The Importance of Trends
One of the most useful methods of determining which trade will eventually be successful relies on the identification of underlying trends. When we talk about trends in Technical Analysis we really mean nothing more than the general direction of the asset price. Do prices make higher highs and higher lows? That would give us an uptrend:
Lower highs and lower lows would give us a downtrend:
Sideways trading without either of these characteristics would give us a range-bound market:
The charts in the pictures above are relatively clear examples of market direction. But, often, the charts will not be so clear. Additionally, there can be conflicting information, depending on the time frame for a given asset. It is entirely possible to see a clearly defined downtrend on an hourly chart and an uptrend on a daily chart. And while it does not make trading impossible, it does greatly complicate the situation. One important lesson to keep in mind under these circumstances is that we should not go looking for trend direction when it is not there. A technical trader needs to at least attempt to see the market for what it is, not what he or she wants it to be. One of the most common pitfalls, and one that everyone experiences at some points, is allowing too much subjectivity to influence trading decisions. As a general rule: the clearer, the better. If the information available is not completely clear, it is usually better to just stay on the sidelines and out of trades. Patience is a virtue, as many other trading opportunities will present themselves in the future.
To expand on the idea of time frame, we should classify different charts as short, medium and long term. Longer time durations should be looked as being more influential but this does not mean that shorter-term trends should be ignored. For stocks, a long-term trend is generally thought of as lasting longer than one year or more (seen on Weekly or Daily charts). Medium trends last one to three months (seen on Daily and 4-hour charts) and short-term trends last less than one month (usually seen on hourly charts). The longer term trends are composed of smaller, intermediate trends that will either serve as corrections to or continuations of the larger trends. Once the longer-term trends have been identified, correcting shorter-term trends often provide excellent opportunities for entry if the trader is late in anticipating the overall movement.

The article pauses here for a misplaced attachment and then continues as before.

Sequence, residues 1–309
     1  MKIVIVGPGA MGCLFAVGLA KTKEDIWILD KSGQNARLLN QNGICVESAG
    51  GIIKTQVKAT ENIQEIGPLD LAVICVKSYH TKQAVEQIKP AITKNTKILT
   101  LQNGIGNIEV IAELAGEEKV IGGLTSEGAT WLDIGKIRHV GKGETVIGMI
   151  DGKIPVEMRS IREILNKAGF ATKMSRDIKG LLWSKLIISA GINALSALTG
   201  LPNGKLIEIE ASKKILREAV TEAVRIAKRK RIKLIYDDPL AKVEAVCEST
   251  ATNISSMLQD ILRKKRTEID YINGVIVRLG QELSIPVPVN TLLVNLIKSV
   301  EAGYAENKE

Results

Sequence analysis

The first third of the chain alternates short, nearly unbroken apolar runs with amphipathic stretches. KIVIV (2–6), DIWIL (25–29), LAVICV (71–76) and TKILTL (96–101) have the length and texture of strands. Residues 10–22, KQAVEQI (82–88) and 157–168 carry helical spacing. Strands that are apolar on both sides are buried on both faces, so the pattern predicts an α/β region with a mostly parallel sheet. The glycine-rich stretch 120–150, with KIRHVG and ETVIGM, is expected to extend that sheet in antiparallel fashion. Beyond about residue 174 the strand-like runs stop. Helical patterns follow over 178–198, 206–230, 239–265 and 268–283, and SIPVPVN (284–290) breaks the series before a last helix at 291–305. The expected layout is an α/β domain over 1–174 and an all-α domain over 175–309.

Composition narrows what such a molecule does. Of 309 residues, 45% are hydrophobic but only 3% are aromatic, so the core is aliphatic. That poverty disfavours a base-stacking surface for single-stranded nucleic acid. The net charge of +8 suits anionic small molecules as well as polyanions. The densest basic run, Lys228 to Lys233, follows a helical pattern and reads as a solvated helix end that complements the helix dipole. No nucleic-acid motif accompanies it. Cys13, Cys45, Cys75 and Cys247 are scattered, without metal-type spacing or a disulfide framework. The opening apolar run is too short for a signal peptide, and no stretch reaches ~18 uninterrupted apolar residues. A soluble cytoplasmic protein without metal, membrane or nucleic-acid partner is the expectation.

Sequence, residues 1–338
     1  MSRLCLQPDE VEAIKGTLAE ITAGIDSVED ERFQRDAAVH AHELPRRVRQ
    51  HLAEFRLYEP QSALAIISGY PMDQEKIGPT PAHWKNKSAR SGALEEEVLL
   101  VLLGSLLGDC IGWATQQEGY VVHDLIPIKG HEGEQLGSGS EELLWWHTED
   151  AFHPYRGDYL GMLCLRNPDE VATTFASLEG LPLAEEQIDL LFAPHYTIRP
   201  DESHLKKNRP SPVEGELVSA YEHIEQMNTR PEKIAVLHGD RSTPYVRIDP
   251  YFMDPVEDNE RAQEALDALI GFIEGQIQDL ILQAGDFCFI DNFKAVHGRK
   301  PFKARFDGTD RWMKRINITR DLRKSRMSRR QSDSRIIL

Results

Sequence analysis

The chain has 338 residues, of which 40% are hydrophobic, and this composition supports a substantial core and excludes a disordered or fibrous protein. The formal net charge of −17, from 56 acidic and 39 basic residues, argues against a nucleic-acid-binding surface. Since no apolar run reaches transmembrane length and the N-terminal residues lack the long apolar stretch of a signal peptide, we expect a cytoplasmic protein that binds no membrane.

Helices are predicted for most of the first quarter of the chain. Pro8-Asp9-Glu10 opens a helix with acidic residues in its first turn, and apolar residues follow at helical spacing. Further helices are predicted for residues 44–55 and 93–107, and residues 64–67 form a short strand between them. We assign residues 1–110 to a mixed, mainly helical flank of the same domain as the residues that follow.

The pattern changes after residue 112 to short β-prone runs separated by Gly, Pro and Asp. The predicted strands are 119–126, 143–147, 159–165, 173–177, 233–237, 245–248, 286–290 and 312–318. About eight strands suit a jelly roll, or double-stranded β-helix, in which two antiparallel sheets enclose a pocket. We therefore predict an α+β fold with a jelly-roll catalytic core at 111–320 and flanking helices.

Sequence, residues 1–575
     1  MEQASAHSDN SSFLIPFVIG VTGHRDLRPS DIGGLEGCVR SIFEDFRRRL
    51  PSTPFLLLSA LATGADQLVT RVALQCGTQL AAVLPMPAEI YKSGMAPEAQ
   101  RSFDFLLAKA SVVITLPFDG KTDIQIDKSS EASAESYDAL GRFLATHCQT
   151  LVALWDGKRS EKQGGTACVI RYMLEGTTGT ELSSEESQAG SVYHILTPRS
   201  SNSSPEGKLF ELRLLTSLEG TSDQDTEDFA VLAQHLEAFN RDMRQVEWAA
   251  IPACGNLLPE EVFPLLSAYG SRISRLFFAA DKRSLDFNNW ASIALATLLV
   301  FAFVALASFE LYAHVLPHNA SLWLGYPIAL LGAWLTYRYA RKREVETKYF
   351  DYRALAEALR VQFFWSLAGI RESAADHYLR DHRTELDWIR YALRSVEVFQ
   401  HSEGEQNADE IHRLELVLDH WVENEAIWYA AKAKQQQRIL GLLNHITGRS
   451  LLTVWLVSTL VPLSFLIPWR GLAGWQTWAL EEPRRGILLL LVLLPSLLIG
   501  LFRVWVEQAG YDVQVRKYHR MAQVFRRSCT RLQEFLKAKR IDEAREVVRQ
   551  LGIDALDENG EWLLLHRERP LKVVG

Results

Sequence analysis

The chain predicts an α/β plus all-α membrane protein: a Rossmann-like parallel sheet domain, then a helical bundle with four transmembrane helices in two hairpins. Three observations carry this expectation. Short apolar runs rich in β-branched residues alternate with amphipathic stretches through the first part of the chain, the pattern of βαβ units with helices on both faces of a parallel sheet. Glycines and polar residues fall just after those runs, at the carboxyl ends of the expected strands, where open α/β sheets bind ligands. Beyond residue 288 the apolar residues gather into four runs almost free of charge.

The drawing of trendlines is the first technique that will be introduced in this series. Below are some examples. Contradictory longer-term and shorter term trends will look something like this:
Drawing trendlines on a chart in this fashion will enable us to look at the chart in a more focused way and allow us to begin forming arguments for which trading bias (Buy or Sell) is most likely to bring positive results. Upward sloping trendlines show uptrends, downward sloping lines show us downtrends. When prices violate these lines, it is a good general indication that the trend is over and a new analysis will need to be completed.
The next charting technique we will look at is the identification of trend channels, which is the formation of parallel trendlines that act as support and resistance. The upper trendline act as resistance and connects the highs, while the bottom trendline provides support and will connect the lows, displaying an upward, downward or range-bound trading environment. When channel eventually breaks, it will be an indication that the previous trend might be ending. Most traders will expect price to continue in the direction of the break.
One of the most common phrases in Technical Analysis is the idea that “the trend is your friend.” What is meant by this is that the dominant trend, for the most part is expected to continue and is not something that should be fought against. There are contrarian traders who look to disagree with this sentiment but even in that case, signals are required in order to enter trades. Examples of these signals would be when trendlines break or when channel resistance or support areas are violated. When this happens, the trend should be thought of as complete, showing the beginning of a reversal. Thus, the identification of trend is one of the clearest and easiest ways to initiate trades or to close them out once the trend appears to be finished.